Short overview of the asylum procedure


Country Report: Short overview of the asylum procedure Last updated: 25/04/22


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A quasi-state of exception operates under Hungarian legislation, entitled “state of crisis due to mass migration”. The state of crisis can be ordered by a government decree, on the joint initiative of the National Directorate-General for Aliens Policing (NDGAP) and the Police, for a maximum of 6 months to certain counties or the entirety of the country. Once in effect, among others, the Hungarian Defence Forces are tasked with the armed protection of the border and with the assistance of the police forces in handling issues related to migration. The state of crisis due to mass migration has been in effect in the two counties bordering Serbia (Bács-Kiskun and Csongrád) since 15 September 2015, and in the four counties bordering Croatia, Slovenia and Austria (Baranya, Somogy, Vas, Zala) since 18 September 2015. On 9 March 2016, the state of crisis was extended to the entire territory of Hungary. This has been extended twelve times since then and is currently in effect until 7 September 2022.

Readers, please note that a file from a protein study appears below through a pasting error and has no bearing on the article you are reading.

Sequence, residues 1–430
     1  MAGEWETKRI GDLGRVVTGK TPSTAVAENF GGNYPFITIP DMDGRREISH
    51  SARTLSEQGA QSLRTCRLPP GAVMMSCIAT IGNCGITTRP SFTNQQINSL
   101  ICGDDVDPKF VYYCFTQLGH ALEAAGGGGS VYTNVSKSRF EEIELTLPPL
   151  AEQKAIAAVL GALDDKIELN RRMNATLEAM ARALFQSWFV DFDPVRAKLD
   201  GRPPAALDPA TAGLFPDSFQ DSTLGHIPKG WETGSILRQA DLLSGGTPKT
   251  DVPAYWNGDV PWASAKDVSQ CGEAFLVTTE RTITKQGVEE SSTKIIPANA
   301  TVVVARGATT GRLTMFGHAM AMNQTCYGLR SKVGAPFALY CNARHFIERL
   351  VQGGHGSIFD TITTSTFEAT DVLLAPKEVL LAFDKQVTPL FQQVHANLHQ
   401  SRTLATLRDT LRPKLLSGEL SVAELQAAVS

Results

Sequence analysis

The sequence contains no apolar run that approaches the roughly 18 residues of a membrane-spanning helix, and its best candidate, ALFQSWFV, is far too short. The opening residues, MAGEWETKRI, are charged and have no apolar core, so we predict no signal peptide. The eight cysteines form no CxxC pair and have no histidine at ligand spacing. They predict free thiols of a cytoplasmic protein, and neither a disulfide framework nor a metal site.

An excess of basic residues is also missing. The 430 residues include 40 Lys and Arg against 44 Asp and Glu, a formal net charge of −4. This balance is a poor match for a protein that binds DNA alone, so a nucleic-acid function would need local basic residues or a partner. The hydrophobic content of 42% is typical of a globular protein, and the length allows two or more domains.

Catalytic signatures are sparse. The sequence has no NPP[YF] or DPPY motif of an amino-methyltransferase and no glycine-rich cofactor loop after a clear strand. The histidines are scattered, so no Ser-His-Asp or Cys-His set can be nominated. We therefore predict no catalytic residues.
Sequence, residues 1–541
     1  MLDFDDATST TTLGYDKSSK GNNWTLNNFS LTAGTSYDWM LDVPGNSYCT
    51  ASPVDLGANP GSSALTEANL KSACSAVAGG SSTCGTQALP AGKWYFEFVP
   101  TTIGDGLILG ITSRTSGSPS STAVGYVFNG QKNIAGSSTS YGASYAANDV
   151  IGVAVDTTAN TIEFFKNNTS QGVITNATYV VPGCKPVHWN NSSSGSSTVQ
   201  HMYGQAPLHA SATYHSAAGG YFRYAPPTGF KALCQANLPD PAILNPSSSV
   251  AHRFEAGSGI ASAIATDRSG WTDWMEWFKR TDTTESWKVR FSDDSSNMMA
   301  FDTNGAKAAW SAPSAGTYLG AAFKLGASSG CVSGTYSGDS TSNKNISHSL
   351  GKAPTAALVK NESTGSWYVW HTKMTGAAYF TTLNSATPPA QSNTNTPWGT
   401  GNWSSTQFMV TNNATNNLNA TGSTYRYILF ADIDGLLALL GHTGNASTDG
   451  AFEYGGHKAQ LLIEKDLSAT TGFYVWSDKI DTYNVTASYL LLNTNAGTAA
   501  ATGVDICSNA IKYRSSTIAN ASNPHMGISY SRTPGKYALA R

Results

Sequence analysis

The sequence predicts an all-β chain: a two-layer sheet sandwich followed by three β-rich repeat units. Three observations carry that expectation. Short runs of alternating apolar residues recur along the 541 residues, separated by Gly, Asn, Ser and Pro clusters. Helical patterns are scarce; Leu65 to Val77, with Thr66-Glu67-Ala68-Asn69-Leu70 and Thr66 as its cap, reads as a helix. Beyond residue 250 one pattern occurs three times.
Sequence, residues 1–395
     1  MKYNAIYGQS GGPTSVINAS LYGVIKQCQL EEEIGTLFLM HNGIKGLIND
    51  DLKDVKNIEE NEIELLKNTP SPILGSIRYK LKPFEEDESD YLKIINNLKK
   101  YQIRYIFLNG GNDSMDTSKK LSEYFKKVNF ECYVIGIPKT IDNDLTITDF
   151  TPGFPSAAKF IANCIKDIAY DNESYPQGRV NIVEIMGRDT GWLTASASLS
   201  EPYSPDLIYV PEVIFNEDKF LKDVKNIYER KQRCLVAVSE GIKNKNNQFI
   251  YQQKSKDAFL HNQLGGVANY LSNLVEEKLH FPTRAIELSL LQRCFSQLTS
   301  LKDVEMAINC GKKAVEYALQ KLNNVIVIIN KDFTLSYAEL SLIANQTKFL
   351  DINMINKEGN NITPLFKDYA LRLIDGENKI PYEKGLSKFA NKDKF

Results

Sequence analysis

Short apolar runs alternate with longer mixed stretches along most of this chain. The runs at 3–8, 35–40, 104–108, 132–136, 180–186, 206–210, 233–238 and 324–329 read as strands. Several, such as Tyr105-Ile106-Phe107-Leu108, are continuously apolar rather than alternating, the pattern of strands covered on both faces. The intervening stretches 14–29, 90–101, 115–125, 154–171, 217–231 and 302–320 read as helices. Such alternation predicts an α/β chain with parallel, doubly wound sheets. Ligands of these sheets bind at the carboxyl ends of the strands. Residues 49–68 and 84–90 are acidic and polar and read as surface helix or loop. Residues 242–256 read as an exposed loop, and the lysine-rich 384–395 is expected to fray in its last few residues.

During this state of crisis, special rules apply to third-country nationals unlawfully entering and/or staying in Hungary and to those seeking asylum, including:

  • Police are authorised to pushback across the border fence irregularly staying migrants who wish to seek asylum in Hungary from any part of the country, without any legal procedure or opportunity to challenge this measure.
  • The deadlines to seek judicial review against inadmissibility decisions and rejections of asylum applications decided in accelerated procedures are drastically shortened to 3 days.

First due to the Gov. Decree 233/2020[1] and later due to the Transitional Act that temporarily regulates the asylum procedure (currently until 31 December 2022, with possibility of prolongation) the following special rules related to the state of crisis are no longer applicable as of 26 May 2020:

  • Asylum applications can only be submitted in the transit zones at the border unless the applicant is already residing lawfully in the territory of Hungary. Asylum seekers are to be held in the transit zones for the entire asylum procedure without any legal basis for detention or judicial remedies.
  • All vulnerable persons and unaccompanied asylum-seeking children over 14 years of age are also automatically detained in the transit zones.